Trick of the Friday #1: Delivering Server Side Events to your Websocket/Comet Application.
When writing asynchronous web application (Comet and/or Websocket based), most of the time you need to generate server sides events from external components or non web-based technology.
As an example, you may have EJBs, JMS queue/topic that may need to deliver server sides events to your set of asynchronous connections. With Atmosphere, it is quite easy to generate server sides events using Broadcaster. A Broadcaster role is to push back server sides events to the Browser. Within the scope of a Web application, all you need to do is:
// Retrieve the default Broadcaster
Broadcaster broadcaster = atmosphereResource.getBroadcaster();
// Or create your own
Broadcaster broadcaster = new Broadcaster(“myBroadcaster”);
// Or let Atmosphere injects it for you like:
public void broadcast(@PathParam(“myBroadcaster”) Broadscaster broadcaster);
This return the Broadcaster associated with the current asynchronous connection (Websocket or Comet). A Broadcaster can be shared amongst all your connections (chat like application) or to a subset based on some topic (pub sub, etc). The Broadcaster concept is really close to an events queue Browser can subscribe to and received asynchronous events.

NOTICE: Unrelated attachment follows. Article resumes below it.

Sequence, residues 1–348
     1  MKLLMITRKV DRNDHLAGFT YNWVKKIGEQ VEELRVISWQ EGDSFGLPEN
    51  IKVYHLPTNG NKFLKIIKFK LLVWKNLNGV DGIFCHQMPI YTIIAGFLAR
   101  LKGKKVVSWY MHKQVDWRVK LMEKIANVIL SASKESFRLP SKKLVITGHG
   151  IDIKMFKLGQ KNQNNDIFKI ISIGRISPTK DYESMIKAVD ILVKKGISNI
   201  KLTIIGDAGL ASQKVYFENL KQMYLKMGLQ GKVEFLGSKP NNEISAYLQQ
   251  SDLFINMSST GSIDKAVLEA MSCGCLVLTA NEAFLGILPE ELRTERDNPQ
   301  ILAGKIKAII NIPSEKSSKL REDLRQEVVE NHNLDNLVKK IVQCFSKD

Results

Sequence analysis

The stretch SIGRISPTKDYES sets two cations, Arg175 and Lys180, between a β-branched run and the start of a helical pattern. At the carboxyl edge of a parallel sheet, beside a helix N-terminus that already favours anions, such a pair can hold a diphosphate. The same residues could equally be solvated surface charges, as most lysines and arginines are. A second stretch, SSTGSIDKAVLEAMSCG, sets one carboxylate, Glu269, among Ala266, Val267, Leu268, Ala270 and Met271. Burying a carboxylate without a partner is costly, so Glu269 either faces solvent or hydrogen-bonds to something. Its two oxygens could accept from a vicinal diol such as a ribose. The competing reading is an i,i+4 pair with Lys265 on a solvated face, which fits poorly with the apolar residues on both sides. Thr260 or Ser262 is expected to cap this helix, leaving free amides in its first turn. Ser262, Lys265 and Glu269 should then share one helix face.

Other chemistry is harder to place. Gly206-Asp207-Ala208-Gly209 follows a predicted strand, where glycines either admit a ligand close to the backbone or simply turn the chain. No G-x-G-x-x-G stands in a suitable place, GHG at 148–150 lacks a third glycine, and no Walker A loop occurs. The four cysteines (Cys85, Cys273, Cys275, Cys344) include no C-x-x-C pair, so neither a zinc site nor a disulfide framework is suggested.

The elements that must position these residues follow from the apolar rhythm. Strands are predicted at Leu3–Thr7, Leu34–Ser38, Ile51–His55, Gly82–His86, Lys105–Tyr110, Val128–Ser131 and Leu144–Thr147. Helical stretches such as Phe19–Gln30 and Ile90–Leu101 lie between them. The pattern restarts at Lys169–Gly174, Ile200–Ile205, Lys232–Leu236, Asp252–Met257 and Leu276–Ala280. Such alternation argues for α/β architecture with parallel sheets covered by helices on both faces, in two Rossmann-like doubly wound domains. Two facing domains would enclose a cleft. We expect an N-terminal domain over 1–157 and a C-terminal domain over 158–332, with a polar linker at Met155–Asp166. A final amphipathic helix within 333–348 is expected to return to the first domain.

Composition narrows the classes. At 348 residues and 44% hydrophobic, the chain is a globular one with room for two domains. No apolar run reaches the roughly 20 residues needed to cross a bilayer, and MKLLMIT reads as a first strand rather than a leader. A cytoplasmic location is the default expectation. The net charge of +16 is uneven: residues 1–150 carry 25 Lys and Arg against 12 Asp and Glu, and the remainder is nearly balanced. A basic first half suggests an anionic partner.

But what about non web components (EJB, JMS, Akka/Scala Actor, etc.) or web component with different scope (another web application, another Servlet, etc.)? They can also generate server sides events by using Atmosphere’s BroadcasterFactory
Broadcaster broadcaster = BroadcasterFactory.getDefault().lookup(DefaultBroadcaster.class, “id_of_the_broadcaster”);
Broadcaster broadcaster = BroadcasterFactory.getDefault().lookup(JerseyBroadcaster.class, “id_of_the_broadcaster”);
broadcaster.broadcast(‘Hello from an EJB”);
By default, the value of “id_of_the_broadcaster” is based on the Atmosphere’s <url-pattern> value (ex:/*). You can always set that value by calling:
What about if you don’t know the name of your Broadcaster? You can also retrieve all available Broadcasters by doing:
// An unmodifiable collection
Collection<Broadcaster> broadcasters = BroadcasterFactory.getDefault().lookupAll();
In conclusion, being able to generate server sides events from external components is a mandatory features required when writing asynchronous application. Before picking a framework for writing an asynchronous application, always make sure such features is available to avoid having to write it yourself (and maintain it).
For any questions or to download Atmosphere Client and Server Framework, go to our main site and use our Nabble forum (no subscription needed), or follow the team or myself and tweet your questions there! You can also checkout the code on Github. Or download our latest presentation to get an overview of what the framework is.